Harvie: One of the things I don't do is self-hate. I'm not a self-loathing comic. I endear myself to the crowd before I lay who I am on them. By the time I lay who I am on them, if they're incensed by it for some dumb reason, then they're clearly assholes because they've already liked me. My plan is always to make you like me before we ever get to the stuff about my identity and sexual politics, being trans and that experience.

But here's the other thing: the rule in comedy is that if it's your story, if you're telling your story—and that's the rule of any storytelling at all—your story is inarguable. I just get up and tell my story and nobody can come up to me afterwards and say, "No, suh. That's not true." Yes, it is. It happened to me and that's how I speak of it. That's how I share my story. Also at the end, without their really knowing it, they've probably learned something. They laugh, but they're also thinking, "I didn't know that."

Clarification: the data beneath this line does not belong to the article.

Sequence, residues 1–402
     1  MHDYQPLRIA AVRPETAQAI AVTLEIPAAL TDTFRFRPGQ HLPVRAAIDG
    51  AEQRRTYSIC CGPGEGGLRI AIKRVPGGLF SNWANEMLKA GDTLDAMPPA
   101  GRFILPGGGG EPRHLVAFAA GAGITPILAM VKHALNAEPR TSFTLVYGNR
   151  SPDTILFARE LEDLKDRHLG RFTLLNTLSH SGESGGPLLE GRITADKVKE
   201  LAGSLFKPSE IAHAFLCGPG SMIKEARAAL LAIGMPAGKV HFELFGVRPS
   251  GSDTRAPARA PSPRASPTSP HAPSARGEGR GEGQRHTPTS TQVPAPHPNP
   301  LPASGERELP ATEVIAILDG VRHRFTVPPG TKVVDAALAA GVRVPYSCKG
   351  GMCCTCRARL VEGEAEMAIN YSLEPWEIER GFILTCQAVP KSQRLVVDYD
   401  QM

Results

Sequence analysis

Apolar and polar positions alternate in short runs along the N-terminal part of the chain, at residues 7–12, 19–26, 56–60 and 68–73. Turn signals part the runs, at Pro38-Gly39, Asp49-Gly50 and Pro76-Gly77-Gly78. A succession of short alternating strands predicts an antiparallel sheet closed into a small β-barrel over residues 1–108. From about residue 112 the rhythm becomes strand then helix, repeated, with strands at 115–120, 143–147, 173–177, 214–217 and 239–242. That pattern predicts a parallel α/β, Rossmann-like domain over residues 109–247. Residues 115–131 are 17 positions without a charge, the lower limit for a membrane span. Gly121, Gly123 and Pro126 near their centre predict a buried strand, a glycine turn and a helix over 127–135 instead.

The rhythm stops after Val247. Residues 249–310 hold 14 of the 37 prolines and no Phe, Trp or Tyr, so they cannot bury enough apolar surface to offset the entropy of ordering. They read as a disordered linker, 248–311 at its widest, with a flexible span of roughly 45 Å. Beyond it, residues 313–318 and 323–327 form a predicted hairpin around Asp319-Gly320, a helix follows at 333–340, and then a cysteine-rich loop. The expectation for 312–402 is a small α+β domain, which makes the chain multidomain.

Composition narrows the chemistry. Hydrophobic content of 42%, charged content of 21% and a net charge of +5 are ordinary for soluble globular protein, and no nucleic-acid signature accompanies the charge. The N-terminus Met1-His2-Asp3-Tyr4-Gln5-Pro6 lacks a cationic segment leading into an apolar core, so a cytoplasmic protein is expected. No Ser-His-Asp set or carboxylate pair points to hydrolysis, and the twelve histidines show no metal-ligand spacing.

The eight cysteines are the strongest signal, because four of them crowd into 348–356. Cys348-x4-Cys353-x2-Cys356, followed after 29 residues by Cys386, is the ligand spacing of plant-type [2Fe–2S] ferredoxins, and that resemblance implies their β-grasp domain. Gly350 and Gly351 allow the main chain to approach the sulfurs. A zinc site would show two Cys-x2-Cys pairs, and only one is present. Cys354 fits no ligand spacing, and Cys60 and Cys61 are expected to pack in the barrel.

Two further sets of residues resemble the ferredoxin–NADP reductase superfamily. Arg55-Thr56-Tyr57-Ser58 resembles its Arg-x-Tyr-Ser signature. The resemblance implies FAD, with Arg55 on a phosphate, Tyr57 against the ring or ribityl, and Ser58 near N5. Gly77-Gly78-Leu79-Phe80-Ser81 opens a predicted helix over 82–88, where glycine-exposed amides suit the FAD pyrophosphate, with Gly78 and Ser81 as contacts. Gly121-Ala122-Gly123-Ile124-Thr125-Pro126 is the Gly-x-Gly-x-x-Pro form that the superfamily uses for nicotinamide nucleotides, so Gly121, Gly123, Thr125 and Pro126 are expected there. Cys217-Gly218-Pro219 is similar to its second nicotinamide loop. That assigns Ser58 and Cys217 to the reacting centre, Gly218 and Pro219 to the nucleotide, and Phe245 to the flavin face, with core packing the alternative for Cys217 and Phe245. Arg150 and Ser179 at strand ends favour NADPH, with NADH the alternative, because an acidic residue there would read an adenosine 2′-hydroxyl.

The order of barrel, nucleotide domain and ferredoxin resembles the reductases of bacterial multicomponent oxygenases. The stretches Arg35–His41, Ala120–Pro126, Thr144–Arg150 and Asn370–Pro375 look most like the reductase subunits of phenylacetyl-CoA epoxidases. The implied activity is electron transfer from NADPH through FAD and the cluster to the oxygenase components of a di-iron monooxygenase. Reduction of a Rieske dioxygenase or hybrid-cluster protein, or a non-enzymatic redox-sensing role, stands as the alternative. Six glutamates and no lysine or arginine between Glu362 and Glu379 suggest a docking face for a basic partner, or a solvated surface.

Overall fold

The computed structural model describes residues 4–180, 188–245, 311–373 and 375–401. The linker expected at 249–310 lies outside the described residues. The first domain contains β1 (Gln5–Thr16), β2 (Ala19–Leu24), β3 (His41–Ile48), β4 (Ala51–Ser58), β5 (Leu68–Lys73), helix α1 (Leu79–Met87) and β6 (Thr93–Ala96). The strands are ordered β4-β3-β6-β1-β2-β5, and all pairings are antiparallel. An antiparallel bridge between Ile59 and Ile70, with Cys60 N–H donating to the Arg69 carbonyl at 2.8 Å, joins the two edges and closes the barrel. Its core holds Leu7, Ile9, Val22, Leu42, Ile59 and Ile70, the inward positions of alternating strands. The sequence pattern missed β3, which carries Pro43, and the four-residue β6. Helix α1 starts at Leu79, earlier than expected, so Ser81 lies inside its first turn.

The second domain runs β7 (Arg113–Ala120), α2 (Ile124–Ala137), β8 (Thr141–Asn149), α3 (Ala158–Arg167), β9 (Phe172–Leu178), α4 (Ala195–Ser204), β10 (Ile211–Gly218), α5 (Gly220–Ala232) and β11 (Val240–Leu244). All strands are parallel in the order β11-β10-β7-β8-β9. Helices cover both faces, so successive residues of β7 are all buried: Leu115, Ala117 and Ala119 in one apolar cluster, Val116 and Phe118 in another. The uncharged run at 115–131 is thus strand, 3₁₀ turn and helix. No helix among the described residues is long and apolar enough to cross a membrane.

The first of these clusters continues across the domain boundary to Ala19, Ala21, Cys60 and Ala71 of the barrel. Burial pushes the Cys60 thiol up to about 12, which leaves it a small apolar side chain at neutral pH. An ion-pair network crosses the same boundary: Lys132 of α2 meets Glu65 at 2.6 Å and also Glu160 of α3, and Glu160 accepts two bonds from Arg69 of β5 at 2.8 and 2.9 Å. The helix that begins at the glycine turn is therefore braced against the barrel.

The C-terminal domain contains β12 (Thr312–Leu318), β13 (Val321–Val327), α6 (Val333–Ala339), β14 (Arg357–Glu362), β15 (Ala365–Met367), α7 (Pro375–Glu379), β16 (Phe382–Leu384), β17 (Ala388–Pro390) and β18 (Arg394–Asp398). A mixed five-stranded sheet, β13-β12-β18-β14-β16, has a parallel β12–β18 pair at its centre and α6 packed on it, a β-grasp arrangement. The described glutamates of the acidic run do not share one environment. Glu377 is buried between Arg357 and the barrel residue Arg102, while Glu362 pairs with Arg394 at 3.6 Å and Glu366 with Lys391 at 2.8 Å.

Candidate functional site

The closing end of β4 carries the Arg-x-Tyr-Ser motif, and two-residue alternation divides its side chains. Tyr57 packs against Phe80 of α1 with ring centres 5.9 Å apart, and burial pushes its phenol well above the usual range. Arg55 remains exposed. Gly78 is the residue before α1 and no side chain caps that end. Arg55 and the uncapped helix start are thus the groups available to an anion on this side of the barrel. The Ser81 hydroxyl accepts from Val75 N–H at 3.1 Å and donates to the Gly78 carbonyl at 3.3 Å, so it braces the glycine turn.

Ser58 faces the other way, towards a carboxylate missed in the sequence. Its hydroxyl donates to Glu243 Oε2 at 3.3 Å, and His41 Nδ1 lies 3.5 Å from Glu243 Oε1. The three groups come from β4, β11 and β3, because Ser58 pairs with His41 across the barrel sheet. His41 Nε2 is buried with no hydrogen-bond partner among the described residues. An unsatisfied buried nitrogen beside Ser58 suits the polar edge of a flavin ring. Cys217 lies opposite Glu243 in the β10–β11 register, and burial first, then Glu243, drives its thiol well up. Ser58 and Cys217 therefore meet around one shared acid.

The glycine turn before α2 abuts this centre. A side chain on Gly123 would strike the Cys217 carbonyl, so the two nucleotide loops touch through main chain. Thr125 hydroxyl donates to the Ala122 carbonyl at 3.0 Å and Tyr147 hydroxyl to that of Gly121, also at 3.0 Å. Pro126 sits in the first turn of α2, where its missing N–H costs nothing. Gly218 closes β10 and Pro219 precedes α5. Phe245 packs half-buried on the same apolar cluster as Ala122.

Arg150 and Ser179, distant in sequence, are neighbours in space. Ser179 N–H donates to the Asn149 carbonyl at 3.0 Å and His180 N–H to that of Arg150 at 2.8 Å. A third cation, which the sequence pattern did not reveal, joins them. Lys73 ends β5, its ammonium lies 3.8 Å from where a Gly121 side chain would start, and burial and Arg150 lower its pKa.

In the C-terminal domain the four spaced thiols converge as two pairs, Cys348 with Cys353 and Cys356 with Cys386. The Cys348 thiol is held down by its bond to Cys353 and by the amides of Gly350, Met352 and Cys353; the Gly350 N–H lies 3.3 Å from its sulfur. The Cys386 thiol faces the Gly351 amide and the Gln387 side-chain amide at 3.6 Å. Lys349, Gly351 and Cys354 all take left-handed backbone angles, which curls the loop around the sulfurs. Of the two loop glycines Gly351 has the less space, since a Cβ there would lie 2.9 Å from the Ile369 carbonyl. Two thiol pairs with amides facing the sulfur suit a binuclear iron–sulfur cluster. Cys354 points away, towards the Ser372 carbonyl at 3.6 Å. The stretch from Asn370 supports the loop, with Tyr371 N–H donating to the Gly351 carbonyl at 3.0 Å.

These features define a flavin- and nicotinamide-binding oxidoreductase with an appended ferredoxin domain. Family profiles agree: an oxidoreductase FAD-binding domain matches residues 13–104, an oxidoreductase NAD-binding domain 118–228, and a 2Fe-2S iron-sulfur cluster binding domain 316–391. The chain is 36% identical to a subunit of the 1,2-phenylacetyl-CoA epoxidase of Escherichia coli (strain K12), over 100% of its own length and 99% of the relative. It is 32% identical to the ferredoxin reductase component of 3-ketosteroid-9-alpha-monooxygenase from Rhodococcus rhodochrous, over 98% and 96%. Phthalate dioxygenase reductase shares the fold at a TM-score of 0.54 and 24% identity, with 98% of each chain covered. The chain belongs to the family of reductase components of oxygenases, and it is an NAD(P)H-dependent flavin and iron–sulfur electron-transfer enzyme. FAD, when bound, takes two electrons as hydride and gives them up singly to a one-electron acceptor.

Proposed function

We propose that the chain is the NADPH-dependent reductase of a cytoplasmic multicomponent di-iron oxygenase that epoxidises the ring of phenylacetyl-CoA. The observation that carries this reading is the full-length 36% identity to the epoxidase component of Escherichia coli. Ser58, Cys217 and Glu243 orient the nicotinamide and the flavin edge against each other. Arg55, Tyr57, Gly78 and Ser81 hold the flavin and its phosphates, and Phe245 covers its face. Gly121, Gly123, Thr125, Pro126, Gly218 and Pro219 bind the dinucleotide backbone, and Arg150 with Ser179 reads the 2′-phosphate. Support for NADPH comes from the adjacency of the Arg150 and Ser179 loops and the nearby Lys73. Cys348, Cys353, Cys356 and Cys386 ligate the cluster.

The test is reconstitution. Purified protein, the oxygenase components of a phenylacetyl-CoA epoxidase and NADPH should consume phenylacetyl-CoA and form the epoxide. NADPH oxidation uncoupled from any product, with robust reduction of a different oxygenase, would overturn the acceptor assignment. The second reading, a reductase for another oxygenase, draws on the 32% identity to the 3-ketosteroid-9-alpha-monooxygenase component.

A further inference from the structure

Guillén: Absolutely. As an elder gay male who's experienced queer activism from the '70s on, the transgender voice is, perhaps, the most complicated story to tell and the most difficult to communicate and incorporate.

Harvie: Let me make it real easy. You know what? Everybody around us right now, everybody on this campus, everybody outside this campus throughout Boise, all the way to San Francisco, especially the gay men in San Francisco, feel uncomfortable about their bodies in direct relation to their masculinity or their femininity, their gender specifically. No one feels 100% okay about their bodies. If they do, then they're the weirdo.